From Nice, the train to Italy takes less than an hour, so it’s well worth adding a day of Italian adventure to your trip!
Taking the French TER train to Italy
The trains from Nice to the Italian border town of Vintimille/Ventimiglia leave Nice roughly every half hour, cost 7.50€ one-way, 15€ round-trip, and will take around an hour. Click here for an interactive schedule in English, and you can even buy your tickets online.
This route is included in the Zou Day Passes, Weekly and Monthly Passes and Carte Isabelle, so just get on the train and go, no lines, no tickets.
But if you are getting some other discount (like from the Zou 50/75 discount card for instance), the website sellers can’t take them into account, so either order online and pay full price, or buy your ticket in the train station from the machine or ticket office and get your discount.
Be sure to download the MaGare SNCF app so that you can know if your train is going to be late. For your return from Italy, know that all trains going in the direction of France stop at Monaco and Nice, then Antibes and Cannes, so you can take any train including ones with a destination of Grasse or other French cities.
A few tips for your day in Ventimiglia
Passport: Take it as there is usually a passport check on the train, but then put it somewhere where it cannot get pick-pocketed.
Best view: Choose seats on the right side of the train for going to Italy, and on the left for the return trip.
Ventimiglia Train Station: As this is the Italian border, the train station is full of migrants trying to reach France, which makes for kind of a zooey atmosphere. Beware of pickpockets.
Ventimiglia town: There is a lovely daily covered food market (Tues-Sun) just down from the train station on your right, with amazing produce, wonderful fresh pastas and raviolis, and great prices.
Market Days: Friday Market Day in Ventimiglia is an all-day affair, and although the police have chased away the counterfeit designer bag men, it’s still worth going not only for the discounted delectables, but also for the rock-bottom prices on leather goods, clothes, jewelry, basic housewares, gadgets, etc. Just walk straight out of the Ventimiglia train station and in minutes you’re in the thick of the massive sprawl of stands in every direction. It’s very fun, but again, just watch out for pickpockets.
Continuing to Sanremo or farther in Italy
Just down the coast, Bordighera’s Market Day is Thursday morning, and Sanremo has similar Market Days on Tuesdays and Saturdays, both of which are smaller and less overwhelming than Ventimiglia, and both end around 1pm, just in time to have a long Italian lunch.
To see some other less touristy Italian towns you will have to change to an Italian train in Ventimiglia. You can buy your ticket from Nice to anywhere in Italy from the Nice SNCF ticket office, but you’ll save by either buying your Italian portion online (but do this once you get to Europe as it is much less expensive), or just buy your continuing ticket from the ticket booth at the Ventimiglia train station. If you buy it from the train station, be sure to punch it in the little machine to validate it before going to your train.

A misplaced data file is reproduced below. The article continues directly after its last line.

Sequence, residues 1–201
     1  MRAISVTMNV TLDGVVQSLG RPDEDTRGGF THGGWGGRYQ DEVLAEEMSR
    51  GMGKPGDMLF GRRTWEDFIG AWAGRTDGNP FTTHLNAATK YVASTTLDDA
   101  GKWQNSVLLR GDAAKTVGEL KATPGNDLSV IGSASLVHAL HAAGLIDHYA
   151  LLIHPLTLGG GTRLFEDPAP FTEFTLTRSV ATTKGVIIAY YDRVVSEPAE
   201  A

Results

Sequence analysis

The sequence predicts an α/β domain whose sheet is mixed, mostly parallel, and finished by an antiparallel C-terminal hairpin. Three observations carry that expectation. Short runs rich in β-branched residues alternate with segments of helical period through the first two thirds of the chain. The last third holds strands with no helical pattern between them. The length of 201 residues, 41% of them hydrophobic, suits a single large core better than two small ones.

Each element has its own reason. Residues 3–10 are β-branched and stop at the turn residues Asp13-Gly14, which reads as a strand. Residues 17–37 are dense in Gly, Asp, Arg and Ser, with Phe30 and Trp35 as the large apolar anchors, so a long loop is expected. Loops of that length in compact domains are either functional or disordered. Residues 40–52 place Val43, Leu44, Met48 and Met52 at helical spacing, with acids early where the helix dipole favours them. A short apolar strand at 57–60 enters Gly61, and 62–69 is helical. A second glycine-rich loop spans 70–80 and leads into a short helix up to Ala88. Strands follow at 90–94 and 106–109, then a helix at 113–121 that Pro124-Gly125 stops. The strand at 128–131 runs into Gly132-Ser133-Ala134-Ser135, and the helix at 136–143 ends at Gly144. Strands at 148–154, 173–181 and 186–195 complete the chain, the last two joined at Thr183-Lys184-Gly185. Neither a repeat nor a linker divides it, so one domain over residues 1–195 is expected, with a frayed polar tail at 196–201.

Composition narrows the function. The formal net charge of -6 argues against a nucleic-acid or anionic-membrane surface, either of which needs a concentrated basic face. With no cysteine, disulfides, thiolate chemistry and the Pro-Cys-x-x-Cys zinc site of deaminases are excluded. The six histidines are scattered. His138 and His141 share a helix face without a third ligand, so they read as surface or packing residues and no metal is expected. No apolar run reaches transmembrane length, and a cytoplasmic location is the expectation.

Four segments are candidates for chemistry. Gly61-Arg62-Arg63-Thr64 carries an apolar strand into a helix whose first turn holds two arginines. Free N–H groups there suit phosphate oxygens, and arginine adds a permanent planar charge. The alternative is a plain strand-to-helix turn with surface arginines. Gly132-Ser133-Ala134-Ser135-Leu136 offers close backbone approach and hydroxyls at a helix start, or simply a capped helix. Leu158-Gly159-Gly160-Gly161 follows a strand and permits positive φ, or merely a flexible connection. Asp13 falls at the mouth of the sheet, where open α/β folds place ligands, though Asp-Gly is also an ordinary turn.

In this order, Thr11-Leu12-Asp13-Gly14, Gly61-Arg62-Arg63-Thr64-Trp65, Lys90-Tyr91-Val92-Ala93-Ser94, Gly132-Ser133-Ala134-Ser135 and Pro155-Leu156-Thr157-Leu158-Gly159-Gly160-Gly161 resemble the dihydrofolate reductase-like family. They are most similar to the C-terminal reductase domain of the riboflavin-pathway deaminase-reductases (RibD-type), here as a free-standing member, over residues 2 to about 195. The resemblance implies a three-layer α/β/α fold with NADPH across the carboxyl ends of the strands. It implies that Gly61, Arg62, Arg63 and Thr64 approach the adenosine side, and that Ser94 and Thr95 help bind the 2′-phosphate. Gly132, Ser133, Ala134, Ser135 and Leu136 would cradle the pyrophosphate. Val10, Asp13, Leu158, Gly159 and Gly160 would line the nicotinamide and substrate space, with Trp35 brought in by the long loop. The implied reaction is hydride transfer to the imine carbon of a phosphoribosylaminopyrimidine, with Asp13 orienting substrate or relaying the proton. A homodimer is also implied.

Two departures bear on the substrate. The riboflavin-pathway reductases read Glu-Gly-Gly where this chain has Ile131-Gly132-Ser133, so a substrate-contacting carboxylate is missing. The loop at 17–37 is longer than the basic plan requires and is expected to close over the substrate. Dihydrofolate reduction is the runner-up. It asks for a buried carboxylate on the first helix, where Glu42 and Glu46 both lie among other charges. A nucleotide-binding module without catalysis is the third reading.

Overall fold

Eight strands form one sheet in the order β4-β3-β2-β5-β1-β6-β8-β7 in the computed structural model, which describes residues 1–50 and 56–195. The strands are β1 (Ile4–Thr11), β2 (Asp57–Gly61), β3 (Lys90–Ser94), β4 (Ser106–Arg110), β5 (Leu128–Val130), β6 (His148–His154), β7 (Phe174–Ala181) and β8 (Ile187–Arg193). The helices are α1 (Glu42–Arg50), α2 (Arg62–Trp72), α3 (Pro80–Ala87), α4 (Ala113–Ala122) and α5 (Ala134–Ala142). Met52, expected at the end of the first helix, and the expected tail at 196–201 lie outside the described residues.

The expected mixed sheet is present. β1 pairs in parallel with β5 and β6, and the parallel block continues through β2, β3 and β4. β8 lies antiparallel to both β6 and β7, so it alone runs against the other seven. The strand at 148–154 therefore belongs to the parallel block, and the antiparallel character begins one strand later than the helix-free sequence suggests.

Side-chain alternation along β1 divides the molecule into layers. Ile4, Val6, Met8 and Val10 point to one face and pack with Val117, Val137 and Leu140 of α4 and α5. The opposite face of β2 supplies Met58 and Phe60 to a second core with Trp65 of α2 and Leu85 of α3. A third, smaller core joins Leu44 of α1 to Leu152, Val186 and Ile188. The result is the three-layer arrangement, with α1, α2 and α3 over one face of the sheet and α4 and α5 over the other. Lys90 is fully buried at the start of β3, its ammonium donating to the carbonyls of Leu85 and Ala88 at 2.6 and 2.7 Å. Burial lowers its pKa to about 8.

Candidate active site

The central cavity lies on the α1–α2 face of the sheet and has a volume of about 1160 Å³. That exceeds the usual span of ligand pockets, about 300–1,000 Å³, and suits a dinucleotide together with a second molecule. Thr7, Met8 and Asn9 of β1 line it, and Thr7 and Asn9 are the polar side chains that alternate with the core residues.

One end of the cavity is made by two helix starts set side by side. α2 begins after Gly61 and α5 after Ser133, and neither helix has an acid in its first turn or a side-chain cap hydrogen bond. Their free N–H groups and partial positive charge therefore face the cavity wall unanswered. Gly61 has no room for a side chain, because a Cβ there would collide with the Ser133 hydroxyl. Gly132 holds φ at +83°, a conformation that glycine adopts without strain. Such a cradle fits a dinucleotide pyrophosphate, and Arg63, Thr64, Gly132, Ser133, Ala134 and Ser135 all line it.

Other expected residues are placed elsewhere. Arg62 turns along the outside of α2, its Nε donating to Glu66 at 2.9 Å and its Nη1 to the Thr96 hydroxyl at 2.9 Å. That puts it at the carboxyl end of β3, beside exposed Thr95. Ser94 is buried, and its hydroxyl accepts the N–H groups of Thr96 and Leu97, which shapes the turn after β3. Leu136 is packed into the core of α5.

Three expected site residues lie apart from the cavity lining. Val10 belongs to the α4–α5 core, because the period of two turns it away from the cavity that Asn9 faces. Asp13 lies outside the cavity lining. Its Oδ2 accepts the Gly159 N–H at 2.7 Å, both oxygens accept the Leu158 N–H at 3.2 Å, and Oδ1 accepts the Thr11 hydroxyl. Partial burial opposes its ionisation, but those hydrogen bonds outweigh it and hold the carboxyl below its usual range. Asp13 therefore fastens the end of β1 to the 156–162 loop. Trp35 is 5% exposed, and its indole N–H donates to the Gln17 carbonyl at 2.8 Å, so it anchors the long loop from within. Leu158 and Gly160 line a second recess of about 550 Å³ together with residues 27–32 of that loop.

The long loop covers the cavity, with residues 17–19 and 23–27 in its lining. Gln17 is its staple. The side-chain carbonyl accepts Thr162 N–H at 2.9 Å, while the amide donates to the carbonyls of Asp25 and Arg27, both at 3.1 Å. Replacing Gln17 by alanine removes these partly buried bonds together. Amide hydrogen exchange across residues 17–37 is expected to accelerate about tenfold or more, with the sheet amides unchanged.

Here’s the Italian train site in English to check schedules and buy tickets.
Italian trains are always late, so download the TrenItalia app (in English!) so that you will know ahead of time if your train is delayed.
For Sporty Types
You can rent bicycles in Sanremo and pedal down the Italian coast on a flat and peaceful bike path that goes for 24 km (15 miles), with gorgeous scenery and lots of beachside restaurants to stop at along the way. In Sanremo, just head down to the beach path where you’ll find NoloBici bike rentals; they are super friendly and helpful, have cruiser bikes and electric bikes, and have locations in all the little towns along the coast.
You can also do a scenic walk between Menton and Ventimiglia, or along the Italian coast between Ventimiglia and Bordighera (6 kilometers/4 miles); for all the details just click on the helpful links above from EasyHiker.
Italian Café and Restaurant Quirks
All Italian restaurants add a set cover charge, or coperto, usually 1-3€ per person depending on the restaurant, so don’t be surprised when you see this on your bill.
The cappuccinos in Italy are amazing, but know that at most stand up cafes and bars (including in the train station) you first decide what you want from the display, then go pay at the cashier, then return to the counter with your receipt and they will only then make your order. Oh, and there are two prices depending on if you plan to drink your coffee standing at the counter or sitting down!
If you haven’t already, read my Avoiding French Restaurant Pitfalls… all the tips are on point for Italy too.
See Related Pages:
- Mountain Trains
- Cheap Train Tickets and Rail Pass Deals
- Coastal Trains along the French Riviera
- Day Trips from Nice
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